Since our founding in 2006, Return on Focus’ Evidence-Based Marketing approach has appealed to specialty care and biotechnology companies looking to mirror the evidence-based medicine philosophy already established on the clinical side of the house. This has alignment in thinking has enabled us to garner a wealth of experience in Oncology and Immunology over the years.
Within these two areas, a common marketing challenge is how to effectively optimize the ‘pipeline in a product.’ A molecule that has the benefits of demonstrating activity across a broad spectrum of indications also poses the challenge of serving a diverse set of stakeholders with a product profile that doesn’t perform identically across all indications. Avastin in Oncology and Remicade in Immunology are the typical illustrations.
The marketing goal for these ‘pipeline in a product’ brands is to successfully plan for and optimize the portfolio through astute marketing. To assist Clients in visualizing the challenge and the opportunity, we use a Rubik’s cube metaphor. The three dimensions of the cube most commonly represent the following:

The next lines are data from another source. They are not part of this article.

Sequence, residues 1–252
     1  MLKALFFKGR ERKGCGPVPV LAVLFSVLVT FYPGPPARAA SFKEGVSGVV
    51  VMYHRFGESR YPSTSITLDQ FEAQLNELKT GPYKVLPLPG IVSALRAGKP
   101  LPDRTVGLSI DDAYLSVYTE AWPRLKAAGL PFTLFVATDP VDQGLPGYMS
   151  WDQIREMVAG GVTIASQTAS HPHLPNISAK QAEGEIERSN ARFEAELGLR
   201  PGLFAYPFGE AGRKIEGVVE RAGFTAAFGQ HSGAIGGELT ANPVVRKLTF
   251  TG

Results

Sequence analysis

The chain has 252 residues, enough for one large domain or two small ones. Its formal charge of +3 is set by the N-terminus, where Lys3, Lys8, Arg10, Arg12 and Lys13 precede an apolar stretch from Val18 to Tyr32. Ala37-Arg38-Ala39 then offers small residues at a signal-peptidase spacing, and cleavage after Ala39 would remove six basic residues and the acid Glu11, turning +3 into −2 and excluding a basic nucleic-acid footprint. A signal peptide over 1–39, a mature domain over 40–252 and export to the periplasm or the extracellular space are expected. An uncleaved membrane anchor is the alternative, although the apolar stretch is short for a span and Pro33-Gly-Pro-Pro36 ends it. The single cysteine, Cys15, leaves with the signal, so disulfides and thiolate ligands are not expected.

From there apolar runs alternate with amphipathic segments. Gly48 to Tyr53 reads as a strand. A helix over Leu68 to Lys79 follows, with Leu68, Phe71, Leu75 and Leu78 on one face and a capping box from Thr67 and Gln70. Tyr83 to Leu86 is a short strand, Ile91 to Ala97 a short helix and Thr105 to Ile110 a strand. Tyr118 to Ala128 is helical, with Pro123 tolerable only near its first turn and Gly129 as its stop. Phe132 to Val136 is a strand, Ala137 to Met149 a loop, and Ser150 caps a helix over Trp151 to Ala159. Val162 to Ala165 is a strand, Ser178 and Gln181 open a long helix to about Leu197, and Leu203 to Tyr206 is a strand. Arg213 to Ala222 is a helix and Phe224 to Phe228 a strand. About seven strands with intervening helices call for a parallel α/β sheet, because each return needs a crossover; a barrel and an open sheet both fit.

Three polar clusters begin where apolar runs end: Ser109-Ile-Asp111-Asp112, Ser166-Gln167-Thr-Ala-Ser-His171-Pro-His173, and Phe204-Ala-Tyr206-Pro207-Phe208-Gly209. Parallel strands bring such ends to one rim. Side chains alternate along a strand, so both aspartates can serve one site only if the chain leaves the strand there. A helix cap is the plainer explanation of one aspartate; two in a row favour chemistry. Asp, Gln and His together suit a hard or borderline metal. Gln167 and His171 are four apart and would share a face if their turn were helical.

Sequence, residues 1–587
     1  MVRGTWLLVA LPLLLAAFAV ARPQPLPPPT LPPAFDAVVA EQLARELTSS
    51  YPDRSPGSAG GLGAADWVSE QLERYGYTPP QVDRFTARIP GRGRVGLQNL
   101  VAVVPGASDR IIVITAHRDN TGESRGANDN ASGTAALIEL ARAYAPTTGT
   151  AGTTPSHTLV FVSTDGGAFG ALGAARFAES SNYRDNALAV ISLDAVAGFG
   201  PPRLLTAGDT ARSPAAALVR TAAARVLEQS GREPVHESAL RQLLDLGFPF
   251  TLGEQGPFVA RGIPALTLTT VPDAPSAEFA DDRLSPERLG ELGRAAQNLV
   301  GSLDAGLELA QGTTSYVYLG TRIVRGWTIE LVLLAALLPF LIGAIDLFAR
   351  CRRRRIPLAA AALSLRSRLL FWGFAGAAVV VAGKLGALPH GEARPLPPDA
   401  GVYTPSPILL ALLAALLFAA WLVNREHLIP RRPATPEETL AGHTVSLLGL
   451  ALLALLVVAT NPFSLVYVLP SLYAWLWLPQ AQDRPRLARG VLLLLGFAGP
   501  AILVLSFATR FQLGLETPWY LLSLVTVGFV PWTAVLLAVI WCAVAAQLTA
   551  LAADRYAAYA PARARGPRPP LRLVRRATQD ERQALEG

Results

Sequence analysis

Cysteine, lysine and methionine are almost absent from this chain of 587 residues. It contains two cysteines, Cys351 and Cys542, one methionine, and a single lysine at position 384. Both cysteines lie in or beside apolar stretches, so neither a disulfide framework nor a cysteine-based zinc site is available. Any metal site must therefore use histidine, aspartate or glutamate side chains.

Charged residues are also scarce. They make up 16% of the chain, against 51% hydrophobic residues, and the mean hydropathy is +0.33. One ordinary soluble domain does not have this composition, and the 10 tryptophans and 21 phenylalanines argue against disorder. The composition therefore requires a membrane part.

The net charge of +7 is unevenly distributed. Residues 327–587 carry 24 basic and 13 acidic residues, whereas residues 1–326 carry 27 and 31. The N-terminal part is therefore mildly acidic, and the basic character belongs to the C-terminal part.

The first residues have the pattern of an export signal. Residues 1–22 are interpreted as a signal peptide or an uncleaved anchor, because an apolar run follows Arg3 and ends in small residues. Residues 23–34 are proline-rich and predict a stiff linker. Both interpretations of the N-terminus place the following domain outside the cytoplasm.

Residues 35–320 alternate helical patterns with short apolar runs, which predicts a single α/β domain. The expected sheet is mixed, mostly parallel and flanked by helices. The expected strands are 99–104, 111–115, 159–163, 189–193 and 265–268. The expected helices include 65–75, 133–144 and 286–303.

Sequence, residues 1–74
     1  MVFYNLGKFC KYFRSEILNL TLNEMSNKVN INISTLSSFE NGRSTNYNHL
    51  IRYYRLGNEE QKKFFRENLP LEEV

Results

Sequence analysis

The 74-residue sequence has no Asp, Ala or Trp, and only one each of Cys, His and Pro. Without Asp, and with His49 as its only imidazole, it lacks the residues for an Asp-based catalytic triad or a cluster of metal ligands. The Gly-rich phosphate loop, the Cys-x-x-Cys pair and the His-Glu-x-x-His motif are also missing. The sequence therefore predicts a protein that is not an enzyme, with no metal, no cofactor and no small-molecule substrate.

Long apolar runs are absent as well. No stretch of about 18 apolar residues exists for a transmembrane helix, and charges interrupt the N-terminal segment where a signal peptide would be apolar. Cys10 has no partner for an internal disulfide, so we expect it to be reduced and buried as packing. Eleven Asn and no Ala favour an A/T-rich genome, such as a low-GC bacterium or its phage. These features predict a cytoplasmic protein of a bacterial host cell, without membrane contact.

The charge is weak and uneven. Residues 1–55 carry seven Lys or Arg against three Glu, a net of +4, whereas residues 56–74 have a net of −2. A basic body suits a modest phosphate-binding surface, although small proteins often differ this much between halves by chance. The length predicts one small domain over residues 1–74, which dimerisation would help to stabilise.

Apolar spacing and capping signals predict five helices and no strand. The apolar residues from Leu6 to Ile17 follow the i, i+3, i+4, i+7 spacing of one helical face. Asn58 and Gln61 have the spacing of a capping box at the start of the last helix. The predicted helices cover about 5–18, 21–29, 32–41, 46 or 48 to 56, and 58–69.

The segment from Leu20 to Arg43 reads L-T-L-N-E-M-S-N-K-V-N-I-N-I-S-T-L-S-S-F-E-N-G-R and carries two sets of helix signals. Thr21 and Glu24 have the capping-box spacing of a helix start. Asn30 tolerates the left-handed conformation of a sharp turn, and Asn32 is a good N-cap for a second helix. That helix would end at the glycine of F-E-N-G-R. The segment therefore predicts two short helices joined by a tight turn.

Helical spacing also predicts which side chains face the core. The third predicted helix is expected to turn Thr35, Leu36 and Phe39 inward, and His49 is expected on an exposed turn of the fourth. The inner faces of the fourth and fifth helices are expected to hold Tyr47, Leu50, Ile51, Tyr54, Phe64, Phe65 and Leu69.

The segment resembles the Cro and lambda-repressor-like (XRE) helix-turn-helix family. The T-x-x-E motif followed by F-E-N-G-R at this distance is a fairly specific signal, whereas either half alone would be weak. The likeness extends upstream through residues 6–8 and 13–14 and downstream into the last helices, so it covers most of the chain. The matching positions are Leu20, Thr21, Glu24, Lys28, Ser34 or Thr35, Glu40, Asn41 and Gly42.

- Disease dimension – the range of diseases for which the product may be applicable
- Line of therapy dimension – the likely applications by line of therapy – 1L, 2L, 3L relapse/refractory, etc.
- Choice Drivers dimension – key physician, patient, and/or treatment variables that drive product selection
By mapping out your portfolio marketing challenge in this manner, you derive the following benefits:
- Dimensionalize the complexity of the task for yourself
- Communicate the complexity of the task to the organization using a simple, well-known and globally accepted metaphor
- Plan for individual pieces of the cube (e.g., CLL-3L-Poor Performance Status)
- Identify the diverse competitive set that exists within each of the cube pieces
- Prioritize common variables within the cube (e.g., a common choice driver your brand excels at, which is present in multiple points within the cube
Although you can’t solve for all scenarios within the cube immediately, our initial step is getting a grip on the size of the cube and winnowing down the number of scenarios so you have a clear idea of the number of colors in play. Portfolio Marketing, like the Rubik’s Cube, looks incredibly daunting when everything is still jumbled, but appears much easier to tackle when the colors are all aligned. Let us help you solve your portfolio puzzle.